f 1 f 1 , v a c = 1 + π ρ f b 4 ρ c h Γ Tung R e , 2 H 1 2
(2)

The offset was then subtracted from the z-position of the measurement to align the data. We emphasize that the definition of H by Tung et al.[14] differs by a factor of two from Equation (1).

Data analysis

All data analysis was performed using custom scripts in IGOR Pro (Wavemetrics, see Additional file 1). Both amplitude and phase spectra contain the eigenfrequencies and quality factors of the vibrational modes. However, at small cantilever-surface gaps the resonance peaks in the amplitude spectrum become indistinguishable due to the strong peak broadening, i.e., low quality factors (see Figure 2). Furthermore, large differences in peak amplitude among higher modes of vibration complicate fitting and introduce dependencies on the initial parameters. In contrast, the phase shifts of each mode remain well resolved even at low quality factors. Thus, phase spectra were used to extract the modal eigenfrequencies and quality factors (see Figure 3). To weight each mode by the same amount on least squares fitting, the frequency spacing was transformed from linear (p = 1), i.e., equally spaced, to a power law according to
f * m = m M 1 f m = M p f m = 0 p + f m = 0 p 1 p
(3)

where m is a data point in the spectrum ranging from 0 to M-1, M the total number of points, f m=0 the lowest and f m=M the highest frequency in the measured data and p the power of the transformation required for each mode of vibration to be assigned an equal number of data points. The value of p was estimated to be 0.514 from the calculated widths of the resonance peaks of all employed cantilevers in an unbounded fluid [21]. The phase values corresponding to the transformed frequencies f* were linearly interpolated from the measured data.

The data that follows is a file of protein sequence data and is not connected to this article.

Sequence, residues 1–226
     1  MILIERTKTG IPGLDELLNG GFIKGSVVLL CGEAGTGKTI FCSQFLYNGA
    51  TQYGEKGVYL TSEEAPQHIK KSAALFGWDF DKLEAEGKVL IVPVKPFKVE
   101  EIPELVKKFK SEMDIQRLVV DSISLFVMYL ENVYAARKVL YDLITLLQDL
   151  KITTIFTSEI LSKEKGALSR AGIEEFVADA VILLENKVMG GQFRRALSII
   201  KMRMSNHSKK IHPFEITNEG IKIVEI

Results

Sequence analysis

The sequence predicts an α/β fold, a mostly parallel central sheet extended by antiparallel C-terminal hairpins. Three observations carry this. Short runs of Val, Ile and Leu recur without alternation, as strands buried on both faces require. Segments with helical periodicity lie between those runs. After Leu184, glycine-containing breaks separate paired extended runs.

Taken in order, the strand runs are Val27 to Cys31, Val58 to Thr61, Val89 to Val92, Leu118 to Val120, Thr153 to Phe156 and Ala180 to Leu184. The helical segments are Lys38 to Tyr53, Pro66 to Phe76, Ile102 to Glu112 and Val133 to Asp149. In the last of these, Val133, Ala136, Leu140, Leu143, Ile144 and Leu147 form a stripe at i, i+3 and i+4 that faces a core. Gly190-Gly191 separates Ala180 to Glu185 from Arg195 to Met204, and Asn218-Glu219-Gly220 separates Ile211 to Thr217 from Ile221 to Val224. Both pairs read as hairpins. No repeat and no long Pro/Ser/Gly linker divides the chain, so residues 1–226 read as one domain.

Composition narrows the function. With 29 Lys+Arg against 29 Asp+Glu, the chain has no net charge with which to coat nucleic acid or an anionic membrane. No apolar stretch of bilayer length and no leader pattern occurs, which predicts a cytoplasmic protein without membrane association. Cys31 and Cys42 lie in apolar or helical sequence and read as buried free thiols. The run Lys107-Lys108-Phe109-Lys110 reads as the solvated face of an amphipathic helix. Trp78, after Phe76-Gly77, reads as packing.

The following expression was used to extract the modal eigenfrequencies, f n , and quality factors, Q n , from the phase spectrum using a Levenberg-Marquardt algorithm (see Figure 3):
ϕ f = ϕ c f , f 1 , Q 1 , , f N , Q N + ϕ t h f , τ t h + ϕ e l f , f e l , c off = n = 1 N arctan Q n f n 2 f 2 f n f 2 π f τ t h + arctan f e l f + c off
(4)

where the cantilever response ϕ c is the sum of damped harmonic oscillators with f n and Q n over all recorded modes N, ϕ th is the linear thermal lag due to photothermal excitation with time constant τ th [24] and ϕ el (center frequency f el and offset c off ) is an empirical first-order filter that considers the phase responses of the measurement electronics. The filter center frequency f el and the time constant τ th were determined on the first spectrum recorded far from the surface (H » 1) and then held constant.

The linearized equation of motion for a cantilever of length L, width b, thickness h and mass density ρ c is [16]:
E I 4 Z x , t x 4 + μ c 1 + a m 2 Z x , t t 2 + c Z x , t t = F drive x , t
(5)
where Z(x,t) is the z-direction flexural displacement at position x along the cantilever beam at time point t, E and I = bh3/12 the Young’s modulus and area moment of inertia of the cantilever, μ c  = ρ c bh the mass per unit length of the cantilever, a m the added mass coefficient quantifying the co-moving fluid mass relative to the cantilever mass, c the sum of structural and viscous damping per unit length, F drive an external driving force per unit length. The parameters used for the following calculations are provided in Table 2. The added mass coefficients a m were calculated from the measured eigenfrequencies f n [2]:
a m = f n , v a c f n 2 1
(6)
Table 2

Parameters for the employed silicon cantilevers immersed in water

Cantilever properties

L

Length

250 μm

b

Width

35 μm

h

Thickness

2 μm